What Building Tree Houses Teach us About Sustainable Building | Home Design Find

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What Building Tree Houses Teach us About Sustainable Building

The basic tenets of sustainable building generally involve lists that go pretty much like this: Minimize disturbance of site, minimize energy use, zero waste, use long life-cycle materials, and above all – because smaller is better – don’t build bigger than absolutely necessary.
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The Design Director of the Vermont-based period kit-home builder, Conner Homes, John Connell sees tree house building as the perfect blueprint for sustainable building.

Here is what he learned from tree-house construction projects:

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1. Minimize site disturbance:

Once the tree(s) are selected they must then be fed, irrigated and protected from damage by construction vehicles. Unlike earthen sites, their roots and bark can’t be dug up and damaged with the promise of later repair. If mortally wounded, the very foundation of your tree-house becomes a liability, even though it may take a few years to finally fail.

“When we mindlessly design and carelessly build a tree-house, the odds of killing the trees become high” he says. “And when the trees die, all our efforts and everything we’ve built in them will cease to exist”.
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2. Energy reduction saves… energy:
To truly get a visceral understanding of what embodied energy really is, the author suggests that you carry every item that will be needed up the tree, yourself.

“I find the concept really comes alive when one has to lug every piece of building material up a 20’-35’ ladder”, he says.  “When it’s our energy that’s being embodied, we tend to keep it to a minimum”.
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3. Zero waste:
This also helps with reducing waste, he points out. “Carrying extra materials up a tree only to have 20% cut off or otherwise wasted is not a popular working method among tree-house builders.

And when unavoidable scrap does result from trimming or fitting, tree-house builders tend to find a use for it rather than throwing it back to earth (or into the dumpster)”.
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4. Use long life-cycle materials:
Because it is a major hassle to repaint or repair the exterior of a tree-house involving a very difficult scaffolding design (trees have no straight lines!) the thoughtful tree-house builder is going to give very careful attention to life-cycle calculations, and into selecting durable, low maintenance materials.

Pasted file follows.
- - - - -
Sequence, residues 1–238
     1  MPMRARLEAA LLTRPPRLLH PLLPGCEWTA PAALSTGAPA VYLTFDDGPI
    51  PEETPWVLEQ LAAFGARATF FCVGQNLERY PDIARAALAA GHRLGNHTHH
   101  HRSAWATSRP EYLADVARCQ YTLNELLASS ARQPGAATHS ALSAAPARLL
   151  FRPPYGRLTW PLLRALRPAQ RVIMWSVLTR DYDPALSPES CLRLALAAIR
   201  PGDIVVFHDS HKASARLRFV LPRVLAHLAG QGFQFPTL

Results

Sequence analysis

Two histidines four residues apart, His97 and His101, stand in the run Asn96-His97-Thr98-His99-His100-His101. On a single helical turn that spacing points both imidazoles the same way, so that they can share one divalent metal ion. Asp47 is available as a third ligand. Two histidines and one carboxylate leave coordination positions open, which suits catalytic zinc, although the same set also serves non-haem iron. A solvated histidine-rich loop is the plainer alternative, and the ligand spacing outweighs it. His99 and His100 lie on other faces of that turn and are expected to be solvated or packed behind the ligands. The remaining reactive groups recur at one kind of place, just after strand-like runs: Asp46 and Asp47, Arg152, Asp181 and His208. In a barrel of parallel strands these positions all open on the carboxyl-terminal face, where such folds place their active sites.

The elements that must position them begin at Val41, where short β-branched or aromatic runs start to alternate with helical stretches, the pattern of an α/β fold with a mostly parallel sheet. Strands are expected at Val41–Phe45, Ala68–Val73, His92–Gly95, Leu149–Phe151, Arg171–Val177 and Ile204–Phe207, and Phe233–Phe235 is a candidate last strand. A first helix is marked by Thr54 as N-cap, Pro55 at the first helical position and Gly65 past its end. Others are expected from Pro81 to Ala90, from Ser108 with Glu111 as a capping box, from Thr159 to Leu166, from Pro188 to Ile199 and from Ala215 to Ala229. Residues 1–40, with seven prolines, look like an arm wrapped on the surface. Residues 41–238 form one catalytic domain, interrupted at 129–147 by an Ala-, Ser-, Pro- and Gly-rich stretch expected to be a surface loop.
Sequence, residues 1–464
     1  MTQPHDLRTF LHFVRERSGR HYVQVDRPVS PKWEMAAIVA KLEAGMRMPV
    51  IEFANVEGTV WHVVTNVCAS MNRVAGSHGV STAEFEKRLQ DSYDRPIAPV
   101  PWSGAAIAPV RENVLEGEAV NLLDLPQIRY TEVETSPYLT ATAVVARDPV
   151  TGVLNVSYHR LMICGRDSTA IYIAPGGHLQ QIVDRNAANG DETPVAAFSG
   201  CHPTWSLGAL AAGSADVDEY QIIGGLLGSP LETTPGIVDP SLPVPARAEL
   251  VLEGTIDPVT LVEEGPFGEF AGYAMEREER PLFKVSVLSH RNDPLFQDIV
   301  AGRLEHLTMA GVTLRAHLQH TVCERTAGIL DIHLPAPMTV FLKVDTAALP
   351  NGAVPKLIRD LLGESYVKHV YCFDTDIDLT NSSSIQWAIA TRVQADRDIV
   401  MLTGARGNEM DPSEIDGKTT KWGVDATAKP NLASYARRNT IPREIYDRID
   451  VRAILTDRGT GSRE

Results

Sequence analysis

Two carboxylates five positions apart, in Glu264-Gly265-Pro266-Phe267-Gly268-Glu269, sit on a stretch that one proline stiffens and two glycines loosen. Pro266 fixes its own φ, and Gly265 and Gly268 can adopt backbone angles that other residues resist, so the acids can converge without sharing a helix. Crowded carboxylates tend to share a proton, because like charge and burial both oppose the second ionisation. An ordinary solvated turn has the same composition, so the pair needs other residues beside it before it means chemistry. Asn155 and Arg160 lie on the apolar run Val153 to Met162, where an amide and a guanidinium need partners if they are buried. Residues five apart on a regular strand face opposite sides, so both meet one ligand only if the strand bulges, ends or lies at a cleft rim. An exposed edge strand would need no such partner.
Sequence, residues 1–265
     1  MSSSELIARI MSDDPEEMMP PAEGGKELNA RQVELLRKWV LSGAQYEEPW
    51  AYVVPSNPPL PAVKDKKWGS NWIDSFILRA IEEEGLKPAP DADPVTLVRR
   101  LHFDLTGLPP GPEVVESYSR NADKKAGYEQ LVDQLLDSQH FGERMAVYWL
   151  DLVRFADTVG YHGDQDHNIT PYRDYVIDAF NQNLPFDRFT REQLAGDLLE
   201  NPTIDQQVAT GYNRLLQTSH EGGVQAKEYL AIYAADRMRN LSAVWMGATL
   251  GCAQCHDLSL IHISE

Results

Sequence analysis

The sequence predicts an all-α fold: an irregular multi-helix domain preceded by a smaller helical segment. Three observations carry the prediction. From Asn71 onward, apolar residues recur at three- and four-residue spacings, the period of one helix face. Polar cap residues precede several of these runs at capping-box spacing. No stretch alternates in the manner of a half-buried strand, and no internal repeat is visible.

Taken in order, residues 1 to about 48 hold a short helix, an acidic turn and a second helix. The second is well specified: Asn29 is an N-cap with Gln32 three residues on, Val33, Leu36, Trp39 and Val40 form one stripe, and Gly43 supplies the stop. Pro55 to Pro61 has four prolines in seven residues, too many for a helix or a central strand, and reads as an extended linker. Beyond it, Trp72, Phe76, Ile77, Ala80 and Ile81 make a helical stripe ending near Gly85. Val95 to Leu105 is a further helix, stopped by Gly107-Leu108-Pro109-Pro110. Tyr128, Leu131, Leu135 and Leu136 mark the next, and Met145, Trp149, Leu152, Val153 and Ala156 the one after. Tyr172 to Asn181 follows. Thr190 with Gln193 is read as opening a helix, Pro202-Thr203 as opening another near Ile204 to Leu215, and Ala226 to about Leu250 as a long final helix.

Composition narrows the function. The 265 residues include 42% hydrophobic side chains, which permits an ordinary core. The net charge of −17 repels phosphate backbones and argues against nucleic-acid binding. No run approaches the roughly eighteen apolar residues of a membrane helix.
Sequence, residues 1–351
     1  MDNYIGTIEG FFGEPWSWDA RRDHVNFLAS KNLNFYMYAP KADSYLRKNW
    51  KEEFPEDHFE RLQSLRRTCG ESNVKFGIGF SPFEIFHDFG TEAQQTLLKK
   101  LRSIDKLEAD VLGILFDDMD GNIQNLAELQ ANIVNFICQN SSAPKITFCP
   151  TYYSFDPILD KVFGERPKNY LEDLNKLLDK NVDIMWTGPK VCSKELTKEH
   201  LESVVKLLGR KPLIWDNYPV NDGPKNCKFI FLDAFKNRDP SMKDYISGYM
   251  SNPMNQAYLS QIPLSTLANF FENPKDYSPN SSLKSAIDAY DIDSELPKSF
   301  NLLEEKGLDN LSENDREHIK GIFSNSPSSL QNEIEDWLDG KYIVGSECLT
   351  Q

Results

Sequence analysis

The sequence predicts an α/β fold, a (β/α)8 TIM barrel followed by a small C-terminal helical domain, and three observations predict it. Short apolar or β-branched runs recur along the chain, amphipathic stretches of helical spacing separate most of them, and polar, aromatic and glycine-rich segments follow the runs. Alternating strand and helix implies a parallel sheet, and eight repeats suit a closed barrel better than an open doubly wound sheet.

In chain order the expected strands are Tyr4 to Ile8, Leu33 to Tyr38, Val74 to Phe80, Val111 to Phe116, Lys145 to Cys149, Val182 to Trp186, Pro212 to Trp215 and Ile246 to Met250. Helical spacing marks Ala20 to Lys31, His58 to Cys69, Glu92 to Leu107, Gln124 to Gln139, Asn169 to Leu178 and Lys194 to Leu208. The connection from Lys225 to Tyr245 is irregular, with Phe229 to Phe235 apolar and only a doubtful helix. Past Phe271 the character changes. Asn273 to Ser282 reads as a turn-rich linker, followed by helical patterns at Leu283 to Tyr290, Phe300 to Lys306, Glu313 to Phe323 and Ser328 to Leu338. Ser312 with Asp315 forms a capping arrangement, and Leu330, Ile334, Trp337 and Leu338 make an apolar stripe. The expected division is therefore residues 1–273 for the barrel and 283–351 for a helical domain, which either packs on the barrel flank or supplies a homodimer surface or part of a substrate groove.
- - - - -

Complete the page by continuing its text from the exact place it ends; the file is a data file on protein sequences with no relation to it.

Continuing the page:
“Because even a paint job becomes a major undertaking, the idea of seven generations of sustainability starts to look really appealing” he says. “And a 100-year roof seems like a minimum spec!”
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5. Be concise:
Size impacts many green benefits, reducing material costs, lowering energy costs, human scale and lighter environmental impact. That is why McMansions are not green. “When clients decide they simply must have a slightly bigger house, tree-house designers have Mother Nature backing them up as they tell the client that it’s just not in the cards”.

As he says, if we don’t build in a healthy, sustainable way, it is only a matter of time before we kill the natural environment that supports us. That’s what treehouse building taught him.

Images: Trendir

John Connell is also the Founder of the Yestermorrow Design/Build School in Warren, Vermont, Author of Homing Instinct (McGraw Hill) and The Inspired House (Taunton) and Principal of 2morrow Studio.

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9 Comments so far to “What Building Tree Houses Teach us About Sustainable Building”
  1. Frank Schulte-Ladbeck Says:

    I like it! I have to show my wife this post to convince that my ever growing treehouse project with the children is a worthwhile effort. She is not enthralled with the planned third story viewing platform. :) But maybe I could add a bed area.

  2. Urban Gardens Says:

    Great tips. If zoning would allow it, I love the idea of building a treehouse in an urban backyard–maybe to add a guest house or studio.

  3. Kari Lønning Says:

    Wonderful, for grownup kids.

  4. Andrew Says:

    Why couldn't I have one of these as a kid! Actually never mind as a kid, I want one as an adult. Right, now if I can just find a tree in the garden big enough ;o)

  5. Susan Kraemer Says:

    Heh. Engineering details like that somehow never bothered us as kids!

  6. Susan Kraemer Says:

    What a great idea!

  7. Bowerbird Renovations Toronto Says:

    Ah, beautiful and fun! I like it very much

  8. Wisnu Says:

    I agree with Susan, it such a great idea and can remind us in childhood :) wanna play there?

  9. Jessica Janes Says:

    What a magical retreat.

    Wish I had the trees to make this happen. Mine are toooooo small.

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